If you were required to provide a DNA sample when arrested or when convicted, your DNA sample was added to the California Department of Justice DNA and Forensic Identification Database and Data Bank Program under Penal Code § 296.
In a Nutshell: This article is perhaps most applicable and attractive to someone who was forced to provide a DNA sample in Orange County. If you later have the conviction expunged and the case dismissed, and you were averse to providing your DNA, ask a judge there to order it destroyed, as this article explains.
This database applies to both adult and juvenile offenders. Anyone convicted of a felony or required to register as a sex offender or arson offender is required to provide such a sample.
However, if you have since had the conviction expunged (or the juvenile adjudication sealed), you may request that a judge order your DNA sample destroyed and your DNA database profile deleted under California Penal Code § 299(c)(2).
Many people have various reasons for requesting this.
To request this, one may use (it is optional) Judicial Council Form CR-185 or in the case of a juvenile, JV-796. If one uses this form, or files a petition of one’s own drafting, it is required that the prosecuting agency assigned to the case be served by first class mail, as well as the California Department of Justice in the same manner.
The judge, in ruling on this request, will want to ensure there is no other conviction or a pending charge that qualifies the petitioner to remain included in the database, along with that person’s DNA. Other convictions include convictions from outside California that would be felonies in California. If one is a registered sex offender or arson offender, the judge will deny the request.
DNA Collection Office
A person can use this same form to request destruction of one’s DNA if, following the giving of a sample, no charges qualifying for inclusion in the database were filed within the applicable statute of limitations (most commonly when one is arrested for a felony, but misdemeanor charges are instead filed), or the charges that were filed were dismissed prior to a plea bargain or conviction (i.e. if one successfully completed a diversion program).
Likewise, if petitioner was found not guilty or acquitted of the qualifying offense, one may file such a request, too.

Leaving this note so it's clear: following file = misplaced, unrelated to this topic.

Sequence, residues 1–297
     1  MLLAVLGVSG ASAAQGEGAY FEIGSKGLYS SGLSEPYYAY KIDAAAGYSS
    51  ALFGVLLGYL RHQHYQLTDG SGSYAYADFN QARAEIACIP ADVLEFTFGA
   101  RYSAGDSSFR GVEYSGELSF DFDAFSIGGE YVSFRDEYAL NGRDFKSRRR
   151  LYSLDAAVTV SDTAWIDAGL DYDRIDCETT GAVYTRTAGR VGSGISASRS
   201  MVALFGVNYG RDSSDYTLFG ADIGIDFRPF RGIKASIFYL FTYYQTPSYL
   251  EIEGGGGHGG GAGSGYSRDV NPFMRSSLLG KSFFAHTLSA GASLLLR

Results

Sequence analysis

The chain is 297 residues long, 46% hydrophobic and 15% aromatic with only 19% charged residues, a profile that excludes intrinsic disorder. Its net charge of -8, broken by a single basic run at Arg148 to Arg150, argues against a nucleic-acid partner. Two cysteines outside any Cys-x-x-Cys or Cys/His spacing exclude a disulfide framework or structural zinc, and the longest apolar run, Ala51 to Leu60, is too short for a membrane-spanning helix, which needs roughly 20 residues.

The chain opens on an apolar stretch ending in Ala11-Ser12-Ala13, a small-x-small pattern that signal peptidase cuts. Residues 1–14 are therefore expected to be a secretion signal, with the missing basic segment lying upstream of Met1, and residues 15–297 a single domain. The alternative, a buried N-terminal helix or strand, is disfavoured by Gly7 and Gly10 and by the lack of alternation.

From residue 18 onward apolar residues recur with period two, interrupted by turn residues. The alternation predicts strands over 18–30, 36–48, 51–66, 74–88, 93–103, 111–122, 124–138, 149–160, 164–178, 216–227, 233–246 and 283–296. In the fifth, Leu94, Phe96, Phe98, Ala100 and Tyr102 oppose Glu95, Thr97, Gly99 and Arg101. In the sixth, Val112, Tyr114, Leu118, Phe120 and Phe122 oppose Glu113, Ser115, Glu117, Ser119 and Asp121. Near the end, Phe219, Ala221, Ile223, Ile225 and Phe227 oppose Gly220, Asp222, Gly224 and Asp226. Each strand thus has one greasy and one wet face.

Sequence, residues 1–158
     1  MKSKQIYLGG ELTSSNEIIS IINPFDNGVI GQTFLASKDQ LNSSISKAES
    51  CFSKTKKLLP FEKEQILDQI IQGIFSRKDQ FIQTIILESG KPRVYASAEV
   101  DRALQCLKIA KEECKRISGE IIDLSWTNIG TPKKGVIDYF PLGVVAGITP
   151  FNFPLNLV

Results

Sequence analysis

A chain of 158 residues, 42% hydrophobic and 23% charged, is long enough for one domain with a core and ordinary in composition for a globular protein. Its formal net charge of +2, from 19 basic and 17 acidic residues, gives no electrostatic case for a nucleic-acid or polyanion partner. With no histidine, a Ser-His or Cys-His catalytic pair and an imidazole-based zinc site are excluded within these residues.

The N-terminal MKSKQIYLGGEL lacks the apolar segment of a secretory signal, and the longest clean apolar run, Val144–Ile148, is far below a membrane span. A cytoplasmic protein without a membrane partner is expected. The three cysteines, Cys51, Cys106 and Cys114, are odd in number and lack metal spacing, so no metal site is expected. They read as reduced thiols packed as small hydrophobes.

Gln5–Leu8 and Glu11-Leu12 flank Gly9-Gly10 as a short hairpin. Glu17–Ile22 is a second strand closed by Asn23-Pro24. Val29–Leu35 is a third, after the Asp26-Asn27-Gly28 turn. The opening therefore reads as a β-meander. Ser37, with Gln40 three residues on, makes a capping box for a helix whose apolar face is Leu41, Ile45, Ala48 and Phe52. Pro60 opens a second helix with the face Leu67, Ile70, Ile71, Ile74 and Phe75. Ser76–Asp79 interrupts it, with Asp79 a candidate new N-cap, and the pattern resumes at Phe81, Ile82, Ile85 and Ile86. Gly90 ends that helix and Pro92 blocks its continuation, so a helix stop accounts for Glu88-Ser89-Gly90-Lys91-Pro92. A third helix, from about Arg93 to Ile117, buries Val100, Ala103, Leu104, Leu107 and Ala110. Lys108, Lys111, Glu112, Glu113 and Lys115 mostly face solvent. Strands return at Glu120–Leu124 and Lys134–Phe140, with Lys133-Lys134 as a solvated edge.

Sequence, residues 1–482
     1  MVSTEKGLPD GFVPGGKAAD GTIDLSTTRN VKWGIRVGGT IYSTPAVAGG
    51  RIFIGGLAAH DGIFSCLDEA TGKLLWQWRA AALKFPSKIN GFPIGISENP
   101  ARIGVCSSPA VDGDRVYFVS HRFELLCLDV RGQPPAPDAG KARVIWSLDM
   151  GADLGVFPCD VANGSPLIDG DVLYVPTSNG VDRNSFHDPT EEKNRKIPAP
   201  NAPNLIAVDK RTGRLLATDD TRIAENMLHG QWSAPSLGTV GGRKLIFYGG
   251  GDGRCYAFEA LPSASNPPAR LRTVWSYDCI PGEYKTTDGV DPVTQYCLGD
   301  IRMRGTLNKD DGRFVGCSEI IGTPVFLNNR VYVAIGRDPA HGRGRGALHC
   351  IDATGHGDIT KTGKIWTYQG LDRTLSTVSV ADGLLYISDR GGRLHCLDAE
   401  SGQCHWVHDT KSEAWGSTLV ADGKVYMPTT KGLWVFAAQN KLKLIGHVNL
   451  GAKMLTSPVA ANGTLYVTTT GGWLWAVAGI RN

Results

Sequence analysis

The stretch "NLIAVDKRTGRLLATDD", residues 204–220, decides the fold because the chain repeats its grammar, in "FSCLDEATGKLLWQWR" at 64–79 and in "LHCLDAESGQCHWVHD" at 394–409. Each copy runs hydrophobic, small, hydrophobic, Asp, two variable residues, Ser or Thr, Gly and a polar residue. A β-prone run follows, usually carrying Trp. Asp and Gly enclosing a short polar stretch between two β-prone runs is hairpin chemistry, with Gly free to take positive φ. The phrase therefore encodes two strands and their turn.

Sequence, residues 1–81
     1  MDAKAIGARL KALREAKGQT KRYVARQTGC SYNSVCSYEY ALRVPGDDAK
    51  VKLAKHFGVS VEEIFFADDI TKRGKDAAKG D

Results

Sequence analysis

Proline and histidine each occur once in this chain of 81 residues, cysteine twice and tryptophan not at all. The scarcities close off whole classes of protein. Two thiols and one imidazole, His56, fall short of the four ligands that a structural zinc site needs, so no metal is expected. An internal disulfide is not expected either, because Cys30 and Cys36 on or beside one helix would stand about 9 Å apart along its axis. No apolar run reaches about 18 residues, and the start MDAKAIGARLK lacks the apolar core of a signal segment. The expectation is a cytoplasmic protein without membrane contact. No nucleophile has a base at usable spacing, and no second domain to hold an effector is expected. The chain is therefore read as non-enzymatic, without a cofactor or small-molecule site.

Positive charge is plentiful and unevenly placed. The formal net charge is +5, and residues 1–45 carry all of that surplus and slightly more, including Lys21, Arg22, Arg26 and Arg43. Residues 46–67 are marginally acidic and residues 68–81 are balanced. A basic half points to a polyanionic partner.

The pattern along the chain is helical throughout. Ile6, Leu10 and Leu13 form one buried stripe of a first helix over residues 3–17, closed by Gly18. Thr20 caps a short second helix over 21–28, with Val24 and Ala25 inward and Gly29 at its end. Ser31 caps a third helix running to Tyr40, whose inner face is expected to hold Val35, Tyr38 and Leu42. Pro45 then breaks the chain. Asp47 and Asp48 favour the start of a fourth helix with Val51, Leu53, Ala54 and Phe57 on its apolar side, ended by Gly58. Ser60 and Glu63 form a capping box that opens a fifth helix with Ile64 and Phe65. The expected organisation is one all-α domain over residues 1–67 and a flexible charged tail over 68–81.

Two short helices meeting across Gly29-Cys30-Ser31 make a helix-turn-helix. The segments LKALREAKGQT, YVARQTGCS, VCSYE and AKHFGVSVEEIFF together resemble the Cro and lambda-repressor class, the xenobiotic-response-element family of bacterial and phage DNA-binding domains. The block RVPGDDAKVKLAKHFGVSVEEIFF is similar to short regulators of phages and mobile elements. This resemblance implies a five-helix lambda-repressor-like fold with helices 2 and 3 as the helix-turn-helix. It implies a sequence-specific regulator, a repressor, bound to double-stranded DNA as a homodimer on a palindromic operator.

Finally, if the conviction was reversed on appeal and the case dismissed, or one was found factually innocent under Penal Code § 851.8 (or as a juvenile under Welfare & Institutions Code § 781.5), one may request destruction of one’s DNA sample and DNA database profile.
Currently, it is an unresolved issue whether one can request DNA destruction if one’s conviction was reduced from a felony to a misdemeanor under Prop 47 or Prop 64.
However, if your felony was reduced to a misdemeanor under Penal Code § 17(b) or your felony conviction was reduced to a misdemeanor or just expunged under 1203.4, you are not eligible for DNA destruction.
If the judge orders the DNA sample destroyed and petitioner’s DNA database profile deleted, that is not the end of petitioner’s work on this. The 1) signed order must be sent to the California Department of Justice, along with; 2) the signed petition for expungement (form CR-181); 3) proof of written notice of the petition to the California Department of Justice and the prosecuting attorney; and 4) either a certified copy of the court order reversing or dismissing the conviction or case, or a letter from the prosecuting attorney certifying that no accusatory pleading was filed, the qualifying charges were dismissed before adjudication, petitioner was found factually innocent, petitioner was found not guilty, petitioner was acquitted of the underlying offense, the qualifying conviction was reversed and the case dismissed, or, in the case of a juvenile adjudication, that the qualifying sustained delinquency petition was reversed and the case dismissed.